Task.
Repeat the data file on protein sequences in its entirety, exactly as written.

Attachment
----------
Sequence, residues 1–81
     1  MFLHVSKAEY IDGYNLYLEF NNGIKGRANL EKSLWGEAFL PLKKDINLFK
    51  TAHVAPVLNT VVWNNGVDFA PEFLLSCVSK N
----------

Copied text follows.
Sequence, residues 1–81
     1  MFLHVSKAEY IDGYNLYLEF NNGIKGRANL EKSLWGEAFL PLKKDINLFK
    51  TAHVAPVLNT VVWNNGVDFA PEFLLSCVSK N